Are our Selective schools doing more harm than good for our kids?

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Recently we looked at some of the differences that exist between the Finnish and Australian Education Systems (Finland is ranked sixth in the world in mathematics, Australia by comparison is ranked 27th, on the OECD measured PISA test).

One stark difference being that Finland has a totally homogeneous schooling system, there are no private schools allowed and EVERY student attends his/her nearest State school.

Australia has adopted a totally different approach to Finland, with a diversity of State and private schools and further demarcations in the State schools as well.

NSW has diversified its State schools more than any other state with a proliferation of ‘Selective High Schools’ and OC classes in many primary schools. Entry to these selective schools is via aptitude tests administered by the Department of Education in March each year.

Through personal contacts I can confirm that the Year 7 cohort at James Ruse Agricultural High School, the top selective school in NSW, in one year in particular, every student admitted that they had been coached over a number of years in preparation for the selective school entrance examination.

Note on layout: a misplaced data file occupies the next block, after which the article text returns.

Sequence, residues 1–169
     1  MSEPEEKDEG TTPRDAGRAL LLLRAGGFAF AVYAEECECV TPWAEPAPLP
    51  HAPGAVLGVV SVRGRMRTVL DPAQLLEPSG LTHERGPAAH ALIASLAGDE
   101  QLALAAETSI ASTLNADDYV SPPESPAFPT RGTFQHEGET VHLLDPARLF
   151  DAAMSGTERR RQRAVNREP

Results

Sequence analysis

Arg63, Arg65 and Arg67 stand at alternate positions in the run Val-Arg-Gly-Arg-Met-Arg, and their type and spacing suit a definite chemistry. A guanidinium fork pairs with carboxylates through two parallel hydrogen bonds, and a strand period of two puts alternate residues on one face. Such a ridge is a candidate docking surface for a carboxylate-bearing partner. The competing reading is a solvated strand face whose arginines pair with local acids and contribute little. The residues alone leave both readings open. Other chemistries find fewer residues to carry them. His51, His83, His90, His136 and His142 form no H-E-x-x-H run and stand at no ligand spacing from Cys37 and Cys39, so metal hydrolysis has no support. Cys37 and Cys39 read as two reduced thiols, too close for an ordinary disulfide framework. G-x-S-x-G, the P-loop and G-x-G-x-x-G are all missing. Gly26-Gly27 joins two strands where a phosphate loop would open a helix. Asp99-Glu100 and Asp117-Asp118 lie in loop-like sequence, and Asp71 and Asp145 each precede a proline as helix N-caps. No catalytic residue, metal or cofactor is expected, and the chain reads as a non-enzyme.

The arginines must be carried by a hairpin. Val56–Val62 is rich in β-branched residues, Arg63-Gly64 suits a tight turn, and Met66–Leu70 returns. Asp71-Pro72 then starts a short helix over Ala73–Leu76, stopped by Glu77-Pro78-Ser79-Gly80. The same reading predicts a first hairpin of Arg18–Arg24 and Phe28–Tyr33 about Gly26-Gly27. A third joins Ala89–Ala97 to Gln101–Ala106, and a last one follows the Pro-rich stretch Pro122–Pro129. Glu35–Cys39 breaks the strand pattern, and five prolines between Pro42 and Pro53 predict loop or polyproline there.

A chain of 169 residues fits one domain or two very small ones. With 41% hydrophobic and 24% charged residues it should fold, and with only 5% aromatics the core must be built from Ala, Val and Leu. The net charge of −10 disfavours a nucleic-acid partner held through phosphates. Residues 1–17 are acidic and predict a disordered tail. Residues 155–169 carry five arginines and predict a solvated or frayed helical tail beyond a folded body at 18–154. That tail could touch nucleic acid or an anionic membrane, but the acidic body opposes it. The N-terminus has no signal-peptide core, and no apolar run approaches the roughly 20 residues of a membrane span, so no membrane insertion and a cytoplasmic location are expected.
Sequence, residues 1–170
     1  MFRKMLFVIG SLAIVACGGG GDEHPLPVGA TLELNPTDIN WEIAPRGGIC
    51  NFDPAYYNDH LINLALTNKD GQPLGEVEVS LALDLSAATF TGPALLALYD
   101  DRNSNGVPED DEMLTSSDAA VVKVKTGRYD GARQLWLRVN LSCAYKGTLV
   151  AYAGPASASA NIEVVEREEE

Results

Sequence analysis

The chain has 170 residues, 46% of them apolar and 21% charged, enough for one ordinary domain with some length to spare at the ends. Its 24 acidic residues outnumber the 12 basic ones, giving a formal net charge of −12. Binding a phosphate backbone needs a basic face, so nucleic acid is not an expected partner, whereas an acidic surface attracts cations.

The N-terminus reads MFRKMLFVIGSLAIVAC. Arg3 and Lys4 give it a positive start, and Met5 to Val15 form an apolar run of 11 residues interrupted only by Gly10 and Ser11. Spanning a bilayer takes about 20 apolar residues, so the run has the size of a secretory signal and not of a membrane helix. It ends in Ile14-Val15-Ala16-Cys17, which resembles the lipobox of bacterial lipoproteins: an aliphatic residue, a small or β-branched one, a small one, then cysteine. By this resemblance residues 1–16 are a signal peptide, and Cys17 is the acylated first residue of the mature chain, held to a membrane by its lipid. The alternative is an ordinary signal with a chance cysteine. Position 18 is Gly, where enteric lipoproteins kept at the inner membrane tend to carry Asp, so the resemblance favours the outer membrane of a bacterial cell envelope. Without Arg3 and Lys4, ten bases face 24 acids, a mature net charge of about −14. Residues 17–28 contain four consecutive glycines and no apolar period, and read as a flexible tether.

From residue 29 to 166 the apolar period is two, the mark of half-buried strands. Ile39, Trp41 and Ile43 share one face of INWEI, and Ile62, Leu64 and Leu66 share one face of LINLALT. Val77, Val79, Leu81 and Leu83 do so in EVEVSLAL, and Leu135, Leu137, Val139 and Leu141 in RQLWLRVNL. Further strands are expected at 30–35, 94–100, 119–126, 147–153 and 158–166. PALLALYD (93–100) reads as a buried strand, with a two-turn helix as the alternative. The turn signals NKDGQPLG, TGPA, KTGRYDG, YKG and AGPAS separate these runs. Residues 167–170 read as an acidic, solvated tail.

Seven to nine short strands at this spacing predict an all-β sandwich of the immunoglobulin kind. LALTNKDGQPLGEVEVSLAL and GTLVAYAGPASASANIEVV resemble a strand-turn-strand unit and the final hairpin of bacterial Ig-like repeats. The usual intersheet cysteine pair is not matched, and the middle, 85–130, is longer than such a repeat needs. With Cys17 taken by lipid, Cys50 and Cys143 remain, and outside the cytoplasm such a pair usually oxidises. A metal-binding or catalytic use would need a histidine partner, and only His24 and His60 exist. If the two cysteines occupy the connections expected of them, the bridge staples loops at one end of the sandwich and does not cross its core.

Who benefits from this system and at what cost? The student who enters the selective school has cohorts who, like him/herself are committed to gain entry into university, although this may not be everyone’s goal. So there is definite benefit for a few.

What about the student who lives near the selective school but does not gain entry there, that student must travel by public transport to a distant school, just as many of the students at the selective school must travel to attend.

Travelling students place an extra burden on the public transport system at cost to the tax-payer. An excellent example is Penrith Academically Selective High School wherein many students travel from anywhere between Katoomba and Epping to attend the 27th ranked school in the state.

For the students at the extremities of this geographical spread, their average school day consists of a minimum of two hours of transport to and from school, five days a week equating to 10 hours a week.

Just removing this impost would bring benefits to the travelling public of Sydney and the State budget as well as providing students with a more productive and less taxing school life.

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